Mass energy harvesting: the technology is coming, but how do we tell fantasy from reality?
I’ve written about impressive cleantech on this blog before. But when I discovered this Brazilian football pitch, everything else seemed to pale in comparison: when it gets dark, its floodlights are powered by the movement of the players on the field.
This is almost exactly the same principle as the body heat powered music player I introduced my last post with: as long as you keep going, it does too. Both inventions harvest the energy we produce in everyday life to power the things we use in our everyday life – it doesn’t get more sustainable than that.
I know, however, that this particular football pitch is just one expensive PR exercise from Shell. We are unlikely to see such football fields built on a mass scale anytime soon. The question is therefore how we can know when a cleantech project is more than just a flash in the pan?
For the self-generating pitch, there is no doubting that the idea behind the project is good. And it is this idea, and the effective technology that powers it, that are the driving forces here. Because even if the self-generating football pitches will be few, the tech can be used in a whole host of other settings.
The invention in question was created by the London start-up PaveGen, the graduate project of a 25 year old from Loughborough University in Leicestershire. PaveGen installs floor tiles that capture the kinetic energy from footsteps using the piezoelectric effect. According to the company, each step on the special tiles generates enough energy to run an LED street lamp for 30 seconds.
In addition to football fields in the slums of Rio de Janeiro, PaveGen has also installed energy harvesting tiles at Heathrow, in UK and US schools, in train stations around Europe and in Australian shopping centres. Their tiles could even be found at West Ham tube station during the London Olympics. This shows that the football field wasn’t just a one off from Shell, but part of larger developments within energy harvesting driven by PaveGen.
Mass harvesting of energy is one of the greatest untapped clean energy sources out there. Every day we walk, run, slam doors and climb stairs – actions that all create energy that, in theory, can be stored and used. We only need the technology to capture it on a mass scale.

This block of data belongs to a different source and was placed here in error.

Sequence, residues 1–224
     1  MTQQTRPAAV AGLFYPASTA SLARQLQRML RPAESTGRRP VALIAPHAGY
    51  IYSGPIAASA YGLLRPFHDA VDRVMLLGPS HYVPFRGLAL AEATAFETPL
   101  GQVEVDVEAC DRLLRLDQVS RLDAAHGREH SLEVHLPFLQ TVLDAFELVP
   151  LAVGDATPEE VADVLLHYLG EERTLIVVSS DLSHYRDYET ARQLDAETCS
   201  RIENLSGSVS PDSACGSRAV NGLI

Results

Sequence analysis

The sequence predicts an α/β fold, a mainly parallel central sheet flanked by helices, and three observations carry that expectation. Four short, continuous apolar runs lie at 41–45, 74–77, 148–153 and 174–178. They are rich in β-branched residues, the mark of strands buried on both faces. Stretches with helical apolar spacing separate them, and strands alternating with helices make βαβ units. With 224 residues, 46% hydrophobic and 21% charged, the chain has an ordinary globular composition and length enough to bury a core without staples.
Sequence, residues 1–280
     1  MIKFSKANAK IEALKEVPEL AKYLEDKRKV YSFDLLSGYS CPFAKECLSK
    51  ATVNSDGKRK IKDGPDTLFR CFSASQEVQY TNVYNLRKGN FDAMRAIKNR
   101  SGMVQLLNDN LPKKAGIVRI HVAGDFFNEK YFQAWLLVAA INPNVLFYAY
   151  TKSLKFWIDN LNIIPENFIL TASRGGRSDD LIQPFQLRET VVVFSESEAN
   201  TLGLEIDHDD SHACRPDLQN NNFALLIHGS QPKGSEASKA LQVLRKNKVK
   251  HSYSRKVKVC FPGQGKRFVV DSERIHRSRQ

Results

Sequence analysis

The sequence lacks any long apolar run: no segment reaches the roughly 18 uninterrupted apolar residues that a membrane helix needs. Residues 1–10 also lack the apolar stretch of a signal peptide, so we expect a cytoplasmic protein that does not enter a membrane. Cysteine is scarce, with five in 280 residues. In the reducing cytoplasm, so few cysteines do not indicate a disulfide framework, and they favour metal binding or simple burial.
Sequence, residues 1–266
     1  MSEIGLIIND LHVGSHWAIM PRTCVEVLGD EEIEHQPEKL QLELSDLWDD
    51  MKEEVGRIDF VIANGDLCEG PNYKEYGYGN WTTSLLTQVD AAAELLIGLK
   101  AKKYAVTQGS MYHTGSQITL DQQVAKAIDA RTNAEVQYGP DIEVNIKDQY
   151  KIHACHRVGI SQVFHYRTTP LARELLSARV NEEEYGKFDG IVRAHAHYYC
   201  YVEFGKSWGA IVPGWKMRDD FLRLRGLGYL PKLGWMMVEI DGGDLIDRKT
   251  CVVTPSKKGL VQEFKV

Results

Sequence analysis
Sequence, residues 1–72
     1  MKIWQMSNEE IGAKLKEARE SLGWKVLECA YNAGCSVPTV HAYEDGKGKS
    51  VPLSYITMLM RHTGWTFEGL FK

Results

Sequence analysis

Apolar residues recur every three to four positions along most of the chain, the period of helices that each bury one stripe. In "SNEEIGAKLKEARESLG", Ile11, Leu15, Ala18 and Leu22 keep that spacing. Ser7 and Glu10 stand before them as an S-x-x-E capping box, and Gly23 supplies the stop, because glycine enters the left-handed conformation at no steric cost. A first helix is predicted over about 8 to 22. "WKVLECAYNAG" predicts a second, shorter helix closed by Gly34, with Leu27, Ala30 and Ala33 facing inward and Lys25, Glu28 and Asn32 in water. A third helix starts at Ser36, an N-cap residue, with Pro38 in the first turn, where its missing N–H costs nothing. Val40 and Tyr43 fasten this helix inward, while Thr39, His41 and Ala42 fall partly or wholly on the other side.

And herein lays the challenge – because some schemes for harvesting energy are more realistic than others. Once you run the numbers, ideas like harvesting energy from keyboard strokes, for instance, look a bit silly. That’s why PaveGen’s work is so important. They are demonstrating how we can use clean technology to transform an inventive idea into actual, tangible results.
Another, more mainstream, example of tangible results is the regenerative braking system currently in use on the London tube. The newest trains are said to recover 20% of the energy they use by capturing the kinetic energy from braking.
Opportunities like this are all around us. We only need to use our imagination to find them: capturing wind and wave energy on-board boats, harvesting kinetic energy from concert crowds, recovering thermal energy from engines. They’re small contributions by themselves, but on a large scale they can be massive.
After I started pondering these ideas, I now seem to discover new, potential sources for energy harvesting every day, just walking around my neighbourhood. I may be a technology optimist, but I don’t know why we aren’t fitting generators on kids’ playground equipment, for instance. I know my nephews could generate a good number of watts in just an afternoon. And why aren’t there any stationary bicycle generators at my gym?
I don’t have the answers, but I do know that we need technological developments like PaveGen’s tiles to power these ideas and to separate those ideas that work from those that don’t.
Which untapped energy harvesting sources do you see around you every day? Do you think they will work?
Images from PaveGen, CBSNews.com and Brixtonbuzz.com